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Washburn: Good opportunities still present for deer hunters



For the Monitor
Sunday, December 03, 2017

The latest hunting report is in and there’s some good news and some bad news: Post-Thanksgiving times are still good opportunities for deer hunters as the rut remains a powerful influence on buck movements. The kill to date when the report was issued was 11,135. This represents a 12 percent increase over the same period last year and represents the second highest in the past nine years. Hillsborough, Rockingham and Grafton counties are showing the highest registrations to date.

You must understand, however, this is the county in which the deer was registered and not necessarily the county the deer was shot as of the same hunting period.

Hillsborough went from 1,774 in 2016, to 2,169 in 2017; Rockingham from 1,622 to 1,937; and Grafton from 1,477 to 1,599. By comparison, Merrimack County went from 849 to 997. This exceeds the registrations for every year from 2009 to 2017 – except 2013. Lagging only 189 deer killed behind 2013, this year could easily be the record-setter. To get there the total kill would have to exceed 12,540.

I am optimistic it can be attained.

Am I surprised at the results so far? Not a bit. We have experienced back-to-back mild winters and back-to-back hard and soft mast bumper crops. So, going into the deer season the deer herd was in great shape. Going into this winter, the deer herd is also in great shape. This bodes well for winter deer survival.

The bear season resulted in the taking of 534 bears through Nov. 16. This represents a decrease compared to most prior years and is directly attributable to the excess of hard and soft mast, notably acorns and beach nuts. Beach nuts are on a three-year cycle. So, in the next two years, they will not be a factor in the bear hunt even though the overall number of bears have never been greater.

The fall turkey harvest was more of the same, a decrease of 71.8 percent. According to Ted Walski, hard and soft mast was the culprit. There is a definite correlation between good mast years and bad mast years. In poor mast years turkeys flock up in fields in search for food making them more accessible to hunters.

The numbers of turkeys are at an all-time high and are also in great shape going into this winter. We will see what winter brings us but I have high expectations that the turkey population will get through with minimum losses.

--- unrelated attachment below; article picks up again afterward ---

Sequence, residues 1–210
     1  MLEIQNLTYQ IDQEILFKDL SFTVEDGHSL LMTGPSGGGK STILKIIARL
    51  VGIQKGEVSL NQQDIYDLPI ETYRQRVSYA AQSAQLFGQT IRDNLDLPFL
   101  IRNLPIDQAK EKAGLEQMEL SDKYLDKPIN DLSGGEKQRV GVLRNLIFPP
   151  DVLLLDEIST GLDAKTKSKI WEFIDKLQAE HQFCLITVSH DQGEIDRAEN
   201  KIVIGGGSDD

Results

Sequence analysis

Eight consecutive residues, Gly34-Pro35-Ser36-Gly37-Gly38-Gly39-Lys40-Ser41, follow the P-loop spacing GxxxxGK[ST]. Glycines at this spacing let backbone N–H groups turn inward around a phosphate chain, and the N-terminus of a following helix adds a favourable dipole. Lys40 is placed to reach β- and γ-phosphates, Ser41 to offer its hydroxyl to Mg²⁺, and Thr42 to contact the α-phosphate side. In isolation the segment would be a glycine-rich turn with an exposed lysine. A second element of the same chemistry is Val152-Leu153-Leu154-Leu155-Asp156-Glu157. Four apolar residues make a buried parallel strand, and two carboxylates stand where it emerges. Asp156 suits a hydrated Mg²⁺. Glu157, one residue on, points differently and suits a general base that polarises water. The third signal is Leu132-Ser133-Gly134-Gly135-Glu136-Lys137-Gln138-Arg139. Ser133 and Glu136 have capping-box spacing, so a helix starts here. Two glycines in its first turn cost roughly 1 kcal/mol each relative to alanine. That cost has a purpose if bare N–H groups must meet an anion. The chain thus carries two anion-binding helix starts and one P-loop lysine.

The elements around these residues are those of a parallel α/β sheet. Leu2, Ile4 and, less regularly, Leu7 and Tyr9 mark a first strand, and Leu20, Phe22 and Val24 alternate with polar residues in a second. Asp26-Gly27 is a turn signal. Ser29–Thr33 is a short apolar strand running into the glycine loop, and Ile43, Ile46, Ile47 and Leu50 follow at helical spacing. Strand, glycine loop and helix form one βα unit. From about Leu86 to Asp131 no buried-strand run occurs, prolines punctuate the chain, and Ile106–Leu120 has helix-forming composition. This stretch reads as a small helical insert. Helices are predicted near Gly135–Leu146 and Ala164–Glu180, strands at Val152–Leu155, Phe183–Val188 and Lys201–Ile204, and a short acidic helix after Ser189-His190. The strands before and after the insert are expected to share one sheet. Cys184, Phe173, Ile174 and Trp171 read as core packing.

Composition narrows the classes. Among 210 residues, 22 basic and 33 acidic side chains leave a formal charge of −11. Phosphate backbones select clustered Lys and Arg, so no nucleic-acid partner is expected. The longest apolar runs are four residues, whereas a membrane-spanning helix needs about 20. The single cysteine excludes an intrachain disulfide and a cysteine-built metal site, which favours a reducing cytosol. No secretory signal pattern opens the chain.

Fish and Game biologists completed their annual effort to attach hundreds of metal leg bands to ducks throughout the state. This year a total of 1,037 ducks were banded during a pre-hunting season effort, a record-high total banding in the 29 years of the program. This included 778 mallards, 238 wood ducks, 9 black ducks and 12 mallard/black duck hybrids.

The preseason banding effort is conducted in the United States and Canadian provinces throughout the Atlantic Flyway in August and September.

This considerable effort provides survival rate that is used in combination with breeding plot data, pats collection data, and HIP (National Migratory Bird Harvest Information Program) survey data as inputs for the model used to determine annual season regulation in the spring.

Each metal band has a unique sequence of numbers, and biologists record the species, age and each duck before it’s released. At the end of the season, all of the data are submitted to the Bird E Lab at the Patuxent Wildlife Research center in Laurel, Md. When a hunter harvests a duck with a metal band, they are asked to report the information on a website provided on the band (reportband.gov).

The Wildlife Heritage Foundation announced awards totaling $49,932 to N.H. Fish and Game programs. The awards were made possible by a winning bid of $20,999.99 in the Foundation’s 2017 Moose Permit Auction, along with donations from Engel Entertainment for aired television episodes of North Woods Law: New Hampshire and a generous donation by an anonymous donor to supplement this year’s funding.

This year’s awards to unfunded or under-funded programs went to Wild Times for Kids, a department-produced publication distributed to grades 3 through 6 in New Hampshire schools; one scholarship to Becoming an Outdoors-Woman fall workshop; partial sponsorship of the 2018 Discover Wild New Hampshire Day, and anti-predation projects at New Hampton Hatchery and Powder Mill Hatchery.

The annual moose permit auction is the primary fundraiser for the Foundation, whose mission as the official non-profit partner of the Fish and Game Department is to support the wildlife, conservation, education, fisheries and law enforcement programs. These aims are critical to preserving New Hampshire’s outdoor quality of life for generations to come.

Due to the wider environment of restricted funds, and more specifically, the reduction of available moose permits for the auction, supplements funds were needed for the grant program this year.

(Bob Washburn can be reached at hunterscorner@aol.com.)